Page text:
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Entertainment Weekly

Tom is on the June 17th issue of Entertainment Weekly, with a Q&A. You can read the full interview here, and here is a bit of it:

Q: You know, usually when movie stars get romantically involved, they try to keep it quiet. You guys seem to be inviting the whole world to celebrate your relationship.
A: I think it’s important in life to celebrate these things. You know, I’m just happy. I can’t contain myself. And I’m not going to try. I refuse.

Q: What’s it like reading all these stories about people not believing the relationship is real, that it’s some sort of publicity stunt?
A: It’s amusing at first. It’s funny. But then you sit back and realize how sad it is that there are people who can’t even imagine feeling like this. But my friends are happy for me. The people who know me are happy. My mom is happy. My family is happy.

Q: You’ve been taking a lot of flak for your appearance on Oprah, for all the jumping around you did on the show. Does the criticism bother you?
A: No, I don’t care. I can’t live my life based on what other people think about me. Who cares what other people say? There are some people who just don’t like to see other people happy. They try to actively stop it. They find that sort of happiness ugly. They’re in the minority, but they squawk pretty loud. They’re like the bullies you grow up with in school. But you know what? If they don’t like it, f— them. If people don’t like it, f— off.
(Annie’s note: I make those my words too)

Q: Your comments about antidepressants on Access Hollywood — do you think going after Brooke Shields for her book about postpartum depression might have made the argument a little too personal?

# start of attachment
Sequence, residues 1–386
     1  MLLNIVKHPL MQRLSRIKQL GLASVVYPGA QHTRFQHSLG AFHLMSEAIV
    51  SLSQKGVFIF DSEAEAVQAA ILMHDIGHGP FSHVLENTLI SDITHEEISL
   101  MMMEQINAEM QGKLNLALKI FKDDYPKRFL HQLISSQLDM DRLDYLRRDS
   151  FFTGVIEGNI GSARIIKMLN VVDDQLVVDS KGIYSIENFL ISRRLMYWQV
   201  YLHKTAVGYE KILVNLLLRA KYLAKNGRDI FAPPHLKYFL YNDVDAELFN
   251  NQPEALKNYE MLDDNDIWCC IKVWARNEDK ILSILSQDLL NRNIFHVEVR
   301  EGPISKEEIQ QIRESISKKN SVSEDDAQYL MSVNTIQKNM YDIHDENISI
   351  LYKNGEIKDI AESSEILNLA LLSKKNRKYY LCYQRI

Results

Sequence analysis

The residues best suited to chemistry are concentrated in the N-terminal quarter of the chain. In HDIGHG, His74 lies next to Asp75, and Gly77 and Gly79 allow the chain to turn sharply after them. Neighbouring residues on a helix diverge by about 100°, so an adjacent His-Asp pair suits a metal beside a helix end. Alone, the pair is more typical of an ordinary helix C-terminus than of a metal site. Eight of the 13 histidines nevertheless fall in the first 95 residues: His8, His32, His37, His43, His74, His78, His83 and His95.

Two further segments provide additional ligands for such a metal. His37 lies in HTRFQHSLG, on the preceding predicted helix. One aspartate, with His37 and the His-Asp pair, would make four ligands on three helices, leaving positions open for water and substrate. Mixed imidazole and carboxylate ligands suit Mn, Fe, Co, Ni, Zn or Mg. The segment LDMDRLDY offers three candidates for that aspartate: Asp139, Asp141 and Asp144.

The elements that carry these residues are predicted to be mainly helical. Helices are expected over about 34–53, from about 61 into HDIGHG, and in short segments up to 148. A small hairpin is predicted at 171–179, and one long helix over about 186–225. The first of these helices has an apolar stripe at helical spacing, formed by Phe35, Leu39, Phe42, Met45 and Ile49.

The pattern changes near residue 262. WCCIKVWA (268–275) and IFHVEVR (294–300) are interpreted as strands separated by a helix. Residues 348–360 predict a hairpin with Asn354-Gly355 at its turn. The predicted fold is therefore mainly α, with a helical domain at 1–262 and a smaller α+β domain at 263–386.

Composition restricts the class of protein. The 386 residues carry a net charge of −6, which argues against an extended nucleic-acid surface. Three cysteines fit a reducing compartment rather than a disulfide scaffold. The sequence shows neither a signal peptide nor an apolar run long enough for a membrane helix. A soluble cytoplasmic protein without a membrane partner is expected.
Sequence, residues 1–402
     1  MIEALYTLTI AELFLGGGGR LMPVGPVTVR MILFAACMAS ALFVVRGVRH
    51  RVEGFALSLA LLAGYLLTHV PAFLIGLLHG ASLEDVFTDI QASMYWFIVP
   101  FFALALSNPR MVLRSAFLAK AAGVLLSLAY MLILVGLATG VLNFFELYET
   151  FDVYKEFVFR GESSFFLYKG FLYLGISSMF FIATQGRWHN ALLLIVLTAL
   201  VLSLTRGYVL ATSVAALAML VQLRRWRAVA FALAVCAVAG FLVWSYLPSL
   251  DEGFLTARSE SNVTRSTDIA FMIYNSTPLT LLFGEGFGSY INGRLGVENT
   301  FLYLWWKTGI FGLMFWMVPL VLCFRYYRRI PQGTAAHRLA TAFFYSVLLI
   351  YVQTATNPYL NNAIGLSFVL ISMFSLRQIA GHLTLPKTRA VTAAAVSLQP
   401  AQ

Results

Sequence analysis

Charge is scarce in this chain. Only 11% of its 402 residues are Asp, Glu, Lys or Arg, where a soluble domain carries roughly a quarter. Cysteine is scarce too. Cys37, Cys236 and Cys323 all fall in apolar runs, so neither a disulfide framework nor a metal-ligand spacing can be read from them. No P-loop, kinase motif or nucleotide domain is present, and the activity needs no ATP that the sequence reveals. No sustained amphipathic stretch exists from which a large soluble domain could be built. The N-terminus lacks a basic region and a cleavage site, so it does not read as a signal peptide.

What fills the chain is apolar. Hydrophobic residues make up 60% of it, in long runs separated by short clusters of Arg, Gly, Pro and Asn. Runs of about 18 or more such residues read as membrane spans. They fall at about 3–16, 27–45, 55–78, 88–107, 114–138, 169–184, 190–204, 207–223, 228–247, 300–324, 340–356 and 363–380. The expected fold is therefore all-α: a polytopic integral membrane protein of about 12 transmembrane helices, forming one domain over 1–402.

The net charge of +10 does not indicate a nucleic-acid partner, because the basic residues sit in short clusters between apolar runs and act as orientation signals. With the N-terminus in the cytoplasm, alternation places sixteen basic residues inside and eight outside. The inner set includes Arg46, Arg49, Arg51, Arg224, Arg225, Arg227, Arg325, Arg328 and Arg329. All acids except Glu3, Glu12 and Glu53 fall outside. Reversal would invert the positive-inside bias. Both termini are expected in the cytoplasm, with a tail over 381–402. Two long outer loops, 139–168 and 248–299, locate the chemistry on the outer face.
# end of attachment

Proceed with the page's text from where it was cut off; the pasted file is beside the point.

A: It’s not a matter of making it personal. I care about Brooke. I want to see her do well. I think she’s really talented. But she’s misinformed. And, you know, from that Access Hollywood interview, I’ve gotten over 154,000 responses from people thanking me. You should see some of the letters I get. People go for help but their lives don’t get better because of these drugs. They get worse. They feel numb and they’re told that’s a good thing. It’s becoming like Huxley’s Brave New World. It’s like what the English did to China with opium [in the 19th century]. How is this different? It’s how you degrade a society — by drugging the piss out of it

Q: You are aware that your views about psychiatry come across as pretty radical to a lot of people.
A: In the 1980s, you were supposed to say no to drugs. But when I say no to drugs, I’m a radical? ‘He’s against drugs — he’s a radical! He’s against electroshock treatments — he’s a radical!’ [Laughing] It’s absurd!

Q: Well, Freud wasn’t a Nazi, but the point I’m getting at here is that expressing these views isn’t necessarily a public relations bonanza for you.
A: What choice do I have? People are being electric-shocked. Kids are being drugged. People are dying.

Q: Has anybody in Hollywood come to you — your agents or studio people — and asked you to stop talking about any of this?
A: I’ve had a lot of encouragement and a lot of thanks, that’s what I’ve had.

Q: Let me try this again — will any of those decisions involve a ring?
A: [Whispering, with a grin] It’s gonna happen, man. It’ll happen.

The full interview is here. Pictures are here.

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